Based on the Patrons of Industry of Michigan that had formed in 1889, it declared itself independent of the American group in 1891. It was dedicated to upholding and encouraging the moral, social, intellectual, political and financial situation of rural Ontarians and to preserve the way of life that existed in farming communities in the late nineteenth century against encroaching industrialization. The Patrons' membership exceeded 30,000 at its peak.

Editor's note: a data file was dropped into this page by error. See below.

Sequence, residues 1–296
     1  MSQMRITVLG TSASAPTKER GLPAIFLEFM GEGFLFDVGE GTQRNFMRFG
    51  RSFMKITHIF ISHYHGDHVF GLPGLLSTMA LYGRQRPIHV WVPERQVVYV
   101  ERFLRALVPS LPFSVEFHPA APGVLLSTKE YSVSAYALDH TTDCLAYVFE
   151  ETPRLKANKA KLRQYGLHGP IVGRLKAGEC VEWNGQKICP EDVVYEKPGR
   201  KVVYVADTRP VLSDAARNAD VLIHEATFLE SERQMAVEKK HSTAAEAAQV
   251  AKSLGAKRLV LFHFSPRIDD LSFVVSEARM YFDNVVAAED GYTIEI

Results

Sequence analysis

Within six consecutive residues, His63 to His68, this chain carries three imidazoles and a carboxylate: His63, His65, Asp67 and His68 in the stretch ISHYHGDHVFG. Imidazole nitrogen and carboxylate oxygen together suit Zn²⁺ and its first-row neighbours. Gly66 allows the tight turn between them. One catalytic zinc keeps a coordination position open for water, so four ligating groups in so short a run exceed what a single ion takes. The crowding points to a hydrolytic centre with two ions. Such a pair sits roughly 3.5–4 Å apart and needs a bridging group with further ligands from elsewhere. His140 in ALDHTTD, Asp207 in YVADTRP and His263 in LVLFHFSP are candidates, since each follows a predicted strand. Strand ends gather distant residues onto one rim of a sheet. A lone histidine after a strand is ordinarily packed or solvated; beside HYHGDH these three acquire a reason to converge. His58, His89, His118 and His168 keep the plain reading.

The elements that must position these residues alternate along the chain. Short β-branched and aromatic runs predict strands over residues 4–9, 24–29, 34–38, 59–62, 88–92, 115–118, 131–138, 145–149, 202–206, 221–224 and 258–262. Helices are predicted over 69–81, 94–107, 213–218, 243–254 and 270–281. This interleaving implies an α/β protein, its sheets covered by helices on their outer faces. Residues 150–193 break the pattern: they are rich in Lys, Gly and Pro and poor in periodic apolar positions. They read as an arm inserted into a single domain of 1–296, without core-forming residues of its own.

It nominated candidates in the 1894 Ontario provincial election. Sixteen members of the Legislative Assembly were elected with Patrons of Industry support -- 12 Liberals, one Conservative, and three who ran only under the "Patrons of Industry" banner.
The party was soon divided on the question of cooperation with the Ontario Liberal Party. The party achieved few gains for farmers, and the group was virtually extinct by 1900.
It has been argued by some that the Patrons represented a constant left-wing element in the Canadian Electorate, represented today by the New Democratic Party.